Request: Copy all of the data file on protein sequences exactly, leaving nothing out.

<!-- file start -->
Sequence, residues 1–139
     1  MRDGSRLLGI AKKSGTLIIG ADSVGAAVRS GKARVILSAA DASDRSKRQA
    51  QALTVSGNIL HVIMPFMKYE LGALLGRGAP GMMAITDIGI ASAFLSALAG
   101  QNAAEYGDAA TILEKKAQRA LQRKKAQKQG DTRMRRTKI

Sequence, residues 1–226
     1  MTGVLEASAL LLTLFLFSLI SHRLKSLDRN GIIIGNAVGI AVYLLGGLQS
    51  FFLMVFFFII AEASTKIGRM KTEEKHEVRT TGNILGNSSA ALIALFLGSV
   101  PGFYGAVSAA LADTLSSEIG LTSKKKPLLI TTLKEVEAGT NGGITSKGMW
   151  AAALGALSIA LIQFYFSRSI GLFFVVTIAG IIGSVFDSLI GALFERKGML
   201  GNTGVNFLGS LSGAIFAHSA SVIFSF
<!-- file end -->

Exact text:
Sequence, residues 1–139
     1  MRDGSRLLGI AKKSGTLIIG ADSVGAAVRS GKARVILSAA DASDRSKRQA
    51  QALTVSGNIL HVIMPFMKYE LGALLGRGAP GMMAITDIGI ASAFLSALAG
   101  QNAAEYGDAA TILEKKAQRA LQRKKAQKQG DTRMRRTKI

Sequence, residues 1–226
     1  MTGVLEASAL LLTLFLFSLI SHRLKSLDRN GIIIGNAVGI AVYLLGGLQS
    51  FFLMVFFFII AEASTKIGRM KTEEKHEVRT TGNILGNSSA ALIALFLGSV
   101  PGFYGAVSAA LADTLSSEIG LTSKKKPLLI TTLKEVEAGT NGGITSKGMW
   151  AAALGALSIA LIQFYFSRSI GLFFVVTIAG IIGSVFDSLI GALFERKGML
   201  GNTGVNFLGS LSGAIFAHSA SVIFSF